Their phones double as cameras, their TVs can surf the web, and for some reason, consumers also just keep buying those horrible printer/fax/scanner combinations.
The trend of multifunctionability is no stranger to the home and commercial gym market either. More and more, consumers expect their workout equipment will serve many functions, and strength equipment manufacturers have responded with machines that offer the ability to do a variety of workouts. Yes, a compact home gym is not necessarily just a home gym, but it can offer fixed arms, cables pulleys, stretch stations and body resistance workouts, all in one piece. SNEWS® talked to a few brands which have hopped on the trend already, including Vectra, BodyCraft, Cybex and TuffStuff.
“Since home gyms came out, that’s been the whole idea – people don’t want a room full of machines, they want one that can do it all,” said Mike Miller, of Colorado Home Fitness. “And in the past few years, they’ve really gravitated toward the functional trainers.”
Demanding more after nearly two decades
Functional trainers sprung up in the mid-1990s, shifting workouts from simply pushing and pulling weights in different directions with fixed arms and along pre-defined paths to cables that a user could use to pull weight however and wherever he or she wanted.
At Washington-based Vectra Fitness, functional trainers have been a significant portion of the company’s business, said Buell Ish, vice president and co-owner. But then the company began to notice something. Ish said he also saw consumers catching on to resistance training using their own suspended body weight– think TRX suspension trainers.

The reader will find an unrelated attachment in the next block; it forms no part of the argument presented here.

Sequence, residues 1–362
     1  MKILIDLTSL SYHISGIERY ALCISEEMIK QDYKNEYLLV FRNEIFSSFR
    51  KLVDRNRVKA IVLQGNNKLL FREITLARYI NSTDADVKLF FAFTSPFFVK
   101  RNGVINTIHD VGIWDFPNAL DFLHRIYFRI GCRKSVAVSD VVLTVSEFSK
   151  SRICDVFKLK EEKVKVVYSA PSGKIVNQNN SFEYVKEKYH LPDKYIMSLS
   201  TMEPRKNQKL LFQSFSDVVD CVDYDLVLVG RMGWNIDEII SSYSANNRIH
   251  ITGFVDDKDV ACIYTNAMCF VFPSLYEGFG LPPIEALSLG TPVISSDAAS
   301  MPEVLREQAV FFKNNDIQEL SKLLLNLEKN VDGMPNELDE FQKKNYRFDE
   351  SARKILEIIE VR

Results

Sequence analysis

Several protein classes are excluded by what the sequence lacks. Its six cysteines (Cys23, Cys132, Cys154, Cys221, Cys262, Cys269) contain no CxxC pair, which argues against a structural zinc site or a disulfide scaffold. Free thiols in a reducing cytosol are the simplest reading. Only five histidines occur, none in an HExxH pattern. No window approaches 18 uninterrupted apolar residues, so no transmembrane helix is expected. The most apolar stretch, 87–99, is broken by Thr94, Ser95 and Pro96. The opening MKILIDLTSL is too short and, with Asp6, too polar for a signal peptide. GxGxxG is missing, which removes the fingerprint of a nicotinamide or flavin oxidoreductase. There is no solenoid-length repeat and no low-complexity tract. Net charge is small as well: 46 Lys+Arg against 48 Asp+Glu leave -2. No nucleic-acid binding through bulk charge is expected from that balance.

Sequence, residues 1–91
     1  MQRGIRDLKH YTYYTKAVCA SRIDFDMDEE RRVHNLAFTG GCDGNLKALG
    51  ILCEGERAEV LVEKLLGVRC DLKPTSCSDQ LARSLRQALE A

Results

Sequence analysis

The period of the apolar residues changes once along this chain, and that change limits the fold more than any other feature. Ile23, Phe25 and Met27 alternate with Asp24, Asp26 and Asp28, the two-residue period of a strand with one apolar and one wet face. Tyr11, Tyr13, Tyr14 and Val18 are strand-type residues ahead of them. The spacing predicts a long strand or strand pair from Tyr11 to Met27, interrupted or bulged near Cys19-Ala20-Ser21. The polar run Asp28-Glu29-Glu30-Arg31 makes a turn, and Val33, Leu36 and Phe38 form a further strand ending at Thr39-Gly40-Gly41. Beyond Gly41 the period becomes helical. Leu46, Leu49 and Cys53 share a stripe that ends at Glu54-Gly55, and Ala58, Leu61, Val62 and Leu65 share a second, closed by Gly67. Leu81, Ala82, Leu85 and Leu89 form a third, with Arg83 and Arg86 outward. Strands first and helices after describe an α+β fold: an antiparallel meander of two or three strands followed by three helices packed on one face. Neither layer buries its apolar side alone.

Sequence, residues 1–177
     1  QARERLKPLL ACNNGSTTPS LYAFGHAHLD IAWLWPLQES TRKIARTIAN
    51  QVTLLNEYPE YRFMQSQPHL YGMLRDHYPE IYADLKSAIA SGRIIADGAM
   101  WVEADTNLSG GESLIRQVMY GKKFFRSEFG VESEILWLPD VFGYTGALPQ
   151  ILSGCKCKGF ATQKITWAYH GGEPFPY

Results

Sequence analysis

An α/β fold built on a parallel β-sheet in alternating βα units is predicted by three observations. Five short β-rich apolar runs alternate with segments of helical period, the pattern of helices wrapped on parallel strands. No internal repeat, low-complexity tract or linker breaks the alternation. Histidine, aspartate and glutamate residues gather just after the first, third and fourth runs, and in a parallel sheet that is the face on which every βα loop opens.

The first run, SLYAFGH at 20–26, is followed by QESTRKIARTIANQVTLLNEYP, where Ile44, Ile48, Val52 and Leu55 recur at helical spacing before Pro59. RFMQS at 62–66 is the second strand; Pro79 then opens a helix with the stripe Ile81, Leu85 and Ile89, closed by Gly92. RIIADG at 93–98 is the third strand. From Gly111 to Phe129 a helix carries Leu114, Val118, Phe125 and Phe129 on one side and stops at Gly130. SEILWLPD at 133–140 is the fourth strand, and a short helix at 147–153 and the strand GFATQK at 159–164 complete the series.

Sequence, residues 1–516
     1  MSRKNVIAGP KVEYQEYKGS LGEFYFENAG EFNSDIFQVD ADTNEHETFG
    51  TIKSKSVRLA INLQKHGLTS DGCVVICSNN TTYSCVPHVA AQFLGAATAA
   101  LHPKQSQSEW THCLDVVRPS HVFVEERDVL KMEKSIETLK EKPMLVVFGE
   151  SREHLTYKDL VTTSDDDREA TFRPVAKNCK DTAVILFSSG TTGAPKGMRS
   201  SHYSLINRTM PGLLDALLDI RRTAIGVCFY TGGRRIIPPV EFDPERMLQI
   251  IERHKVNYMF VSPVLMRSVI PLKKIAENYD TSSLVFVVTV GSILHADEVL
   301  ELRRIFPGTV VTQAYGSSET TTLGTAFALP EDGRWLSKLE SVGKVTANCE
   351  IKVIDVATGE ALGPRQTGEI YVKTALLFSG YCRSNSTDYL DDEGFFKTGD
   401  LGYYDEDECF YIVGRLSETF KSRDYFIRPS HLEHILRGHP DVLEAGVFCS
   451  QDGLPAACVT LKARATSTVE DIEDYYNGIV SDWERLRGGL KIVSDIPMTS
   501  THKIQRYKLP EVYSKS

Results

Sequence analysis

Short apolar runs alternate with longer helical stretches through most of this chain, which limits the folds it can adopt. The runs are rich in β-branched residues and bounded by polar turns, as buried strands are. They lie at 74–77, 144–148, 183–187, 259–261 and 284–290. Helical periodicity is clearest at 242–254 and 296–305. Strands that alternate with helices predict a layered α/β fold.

Then came the “ah-ha” moment for him: Ish said he realized that Vectra’s functional trainers could easily double as suspension trainers with more stability than simple cables. The company found a way to allow users to lock out the cables and use the handles or bar attached to anchor points for a stable and balanced body-weighted resistance workout.
Vectra branded the option as “Body ResiStability,” which is now available on three of its newer functional gym models – the VX-FT single stack, the VX-FT double stack and the VFT-100 – at no extra cost. The products vary in weight stacks options, but the most common 260-pound VX-FT1 retails for $4,100, the VX-FT2 with two 260-pound stacks retails for $4,995 and the 210-pound VFT-100 goes for $3,699.
“Body ResiStability fits right into functional training,” Ish said. “It has similar appeal because of the core training aspects and user-defined motion. It’s certainly catching on, and it’s turning out to be an easy sell to our customers. They are essentially getting another machine for free.”
Mr. Smith, meet Mr. Jones
Despite the growing popularity of functional trainers, some consumers still crave the benefits of traditional free-weight training, said Alan Gore, co-owner of Ohio-based BodyCraft.
“We don’t think functional is the be-all and end-all of training… eventually you need that free-weight aspect,” he said
And while the some Smith machines attempt to combine traditional and functional training disciplines, they remain big and bulky and constrained in movements, he said. So BodyCraft explored another take on the Smith it called the “Jones,” which allows users to move the bar vertically and horizontally on a track with bar hooks and safety spotters that follow for movement freedom.